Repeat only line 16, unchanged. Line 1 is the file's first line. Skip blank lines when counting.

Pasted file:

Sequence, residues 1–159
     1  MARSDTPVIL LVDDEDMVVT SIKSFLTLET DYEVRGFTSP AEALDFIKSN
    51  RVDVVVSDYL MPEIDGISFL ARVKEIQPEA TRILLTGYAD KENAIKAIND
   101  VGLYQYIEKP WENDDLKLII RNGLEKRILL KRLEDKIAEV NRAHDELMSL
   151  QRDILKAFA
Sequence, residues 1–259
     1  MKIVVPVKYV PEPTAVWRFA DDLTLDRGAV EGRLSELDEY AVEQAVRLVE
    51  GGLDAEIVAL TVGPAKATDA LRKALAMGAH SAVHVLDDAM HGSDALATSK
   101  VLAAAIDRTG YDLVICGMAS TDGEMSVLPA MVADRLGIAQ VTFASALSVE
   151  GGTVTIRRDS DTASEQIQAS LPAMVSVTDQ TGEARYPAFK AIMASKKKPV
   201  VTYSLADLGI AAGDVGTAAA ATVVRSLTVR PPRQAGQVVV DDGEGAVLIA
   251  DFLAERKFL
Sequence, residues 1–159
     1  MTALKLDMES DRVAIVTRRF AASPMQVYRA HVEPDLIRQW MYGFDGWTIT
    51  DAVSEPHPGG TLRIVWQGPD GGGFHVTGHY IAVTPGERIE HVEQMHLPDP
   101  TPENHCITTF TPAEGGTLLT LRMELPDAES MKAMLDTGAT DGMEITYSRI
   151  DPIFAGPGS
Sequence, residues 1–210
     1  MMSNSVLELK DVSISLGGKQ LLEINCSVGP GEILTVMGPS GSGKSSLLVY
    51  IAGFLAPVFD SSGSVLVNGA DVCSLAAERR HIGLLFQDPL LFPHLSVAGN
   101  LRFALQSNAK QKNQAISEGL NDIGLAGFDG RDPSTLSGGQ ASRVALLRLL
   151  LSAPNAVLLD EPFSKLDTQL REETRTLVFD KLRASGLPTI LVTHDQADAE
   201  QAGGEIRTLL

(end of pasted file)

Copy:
   101  TPENHCITTF TPAEGGTLLT LRMELPDAES MKAMLDTGAT DGMEITYSRI